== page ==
Family factors — such as food available at home and food preferences of family members — can influence what kids eat, and these factors have been associated with rising obesity cases. On the flip side, if kids learn about healthy eating, positive nutritional choices, and exercising at home, those lessons can carry over into choices kids make beyond the walls of their home.
Being overweight or obese aren’t the only risk factors for developing type 2 diabetes, and a holistic, empowering approach to any weight loss recommendations for kids is certainly a must. Still, the clear link means it’s something kids and the adults in their lives should pay attention to. Type 2 diabetes comes with the potential for complications in childhood and beyond — and the risks only increase with earlier disease onset. Yes, the stakes are high, but research indicates the lasting, positive impact that changes to nutrition and activity can have
Professional chefs understand how important food presentation is for the success of a meal. One element of the eating experience that can be under estimated however, is the effect of color. Scientific studies have shown that the color of the food and the eating environment effect appetite, often in a significant way. (more…)
This article is the first in a series at metabolism.com; “Overweight Kids….Trouble in Paradise”.
In the opener, we touch on many aspects of what can be a toxic tangle. In coming articles we plan to break out and do a deeper dive into each of the aspects presented. Subscribe to metabolism.com below to avoid missing the next article, “ Are Overweight Kids Destined for Diabetes?”
By Gary M Pepper, M.D.
Childhood obesity presents one of the most urgent public health issues in the United States today. The intimate interaction between parents and their children further complicates the problem. Parents shape the eating habits their children develop — but that also means parents can serve as important partners helping their children to make healthier nutritional choices.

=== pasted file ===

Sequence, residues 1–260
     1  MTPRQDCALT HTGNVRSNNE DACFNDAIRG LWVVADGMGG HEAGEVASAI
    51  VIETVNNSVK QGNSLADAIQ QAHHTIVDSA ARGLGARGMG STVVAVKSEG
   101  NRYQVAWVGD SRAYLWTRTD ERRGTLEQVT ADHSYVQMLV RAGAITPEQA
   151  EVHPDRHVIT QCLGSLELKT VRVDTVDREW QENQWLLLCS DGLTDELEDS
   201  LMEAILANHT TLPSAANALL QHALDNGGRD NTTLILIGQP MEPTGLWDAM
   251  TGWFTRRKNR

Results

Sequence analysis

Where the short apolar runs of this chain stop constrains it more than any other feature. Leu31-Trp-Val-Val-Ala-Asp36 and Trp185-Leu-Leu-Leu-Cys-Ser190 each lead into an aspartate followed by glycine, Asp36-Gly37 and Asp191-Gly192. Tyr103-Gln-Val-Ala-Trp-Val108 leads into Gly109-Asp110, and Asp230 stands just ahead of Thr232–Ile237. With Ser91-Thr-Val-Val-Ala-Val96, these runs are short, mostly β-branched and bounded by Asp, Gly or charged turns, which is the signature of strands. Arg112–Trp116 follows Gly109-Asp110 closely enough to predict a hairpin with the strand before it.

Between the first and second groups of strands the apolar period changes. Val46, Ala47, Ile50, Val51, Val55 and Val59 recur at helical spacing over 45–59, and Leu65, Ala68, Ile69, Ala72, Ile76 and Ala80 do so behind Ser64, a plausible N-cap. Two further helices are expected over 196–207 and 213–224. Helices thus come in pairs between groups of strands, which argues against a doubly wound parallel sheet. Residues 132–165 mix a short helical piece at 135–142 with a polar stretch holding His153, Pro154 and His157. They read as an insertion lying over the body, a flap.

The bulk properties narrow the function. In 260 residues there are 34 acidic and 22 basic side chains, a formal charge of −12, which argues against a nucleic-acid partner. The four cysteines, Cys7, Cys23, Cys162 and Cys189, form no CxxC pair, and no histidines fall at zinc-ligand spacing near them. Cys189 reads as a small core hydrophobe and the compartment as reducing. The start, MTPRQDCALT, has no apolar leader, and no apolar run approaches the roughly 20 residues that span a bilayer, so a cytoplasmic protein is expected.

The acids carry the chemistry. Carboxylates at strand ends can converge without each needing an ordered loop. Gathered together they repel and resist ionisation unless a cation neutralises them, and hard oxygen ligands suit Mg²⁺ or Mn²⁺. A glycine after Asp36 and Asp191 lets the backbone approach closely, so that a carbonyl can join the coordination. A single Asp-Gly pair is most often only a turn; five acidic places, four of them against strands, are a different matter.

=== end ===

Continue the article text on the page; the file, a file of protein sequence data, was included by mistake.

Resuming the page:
About one in three children in the United States are classified as overweight or obese, as Kumar and Kelly note in their review published in Mayo Clinic Proceedings in 2017. These authors point out the prevalence of obesity increases as children get older. A 2014 study published in The New England Journal of Medicine, following children from entry into kindergarten through the end of eighth grade, also found that the prevalence of obesity increased by the time kids reached eighth grade. This research showed more children who were overweight when they entered kindergarten became obese by age 14 years old as compared to their normal-weight kindergarten classmates, with the biggest increase in obesity occurring between first and third grades.
Technically speaking, obesity is defined as a body mass index (BMI) of 30 or greater https://www.nhlbi.nih.gov/health/educational/lose_wt/BMI/bmi-m.htm. Childhood obesity comes with other health issues that affect physical and mental health. As the prevalence of childhood obesity has increased, so too has the prevalence of health complications in childhood typically thought to afflict mostly adults. Unfortunately, childhood obesity also tracks into later years: A high percentage of adolescents with obesity continue to remain obese as adults.
The Rise of Childhood Obesity: Complex Causes, Dangerous Combinations
While endocrine and genetic disorders can lead to obesity, most kids don’t have an underlying endocrine or single genetic cause for weight gain. The 2017 review published in Mayo Clinic Proceedings pinpoints a positive energy balance combined with genetic predisposition for weight gain as the most common cause of obesity for children. In other words, kids are taking in more calories through food than they are expending with physical activity.
Childhood obesity results from complex interactions of factors related to a child’s genetics, epigenetics, and environment along with ecological effects such as family, community, and school. The environmental factors that can lead to weight gain are also quite complex and include:
Adverse life experiences.
Parental and general culinary culture conditioning.
Perinatal factors (such as birth size, catch-up growth, antibiotic use).
Psychosocial and emotional distress.
Increased caloric consumption, aggravated when specific food intake is resulting in a high sugar burden.
Decreased caloric expenditure.
The last two factors form a dangerous intersection. Sweet snacks and beverages, fast foods, big portions, and high-glycemic foods all contribute to increased caloric consumption. Decreased caloric expenditure due to reduced physical activity and a trend toward sedentary activities (think: computers, phones, tablets, and televisions) is also on the rise. Together, more calories taken in and less caloric expenditure creates the positive energy balance spurring weight gain.
The current pandemic paints a dire picture. With fewer opportunities for activity and a marked increase in negative emotional triggers, today’s kids are facing a unique challenge. Children need support and guidance to make healthy choices perhaps more than ever before.
Health Issues Associated With Childhood Obesity
Childhood obesity can have serious health implications, with complications manifesting both during adolescence and later in life. Related health issues include: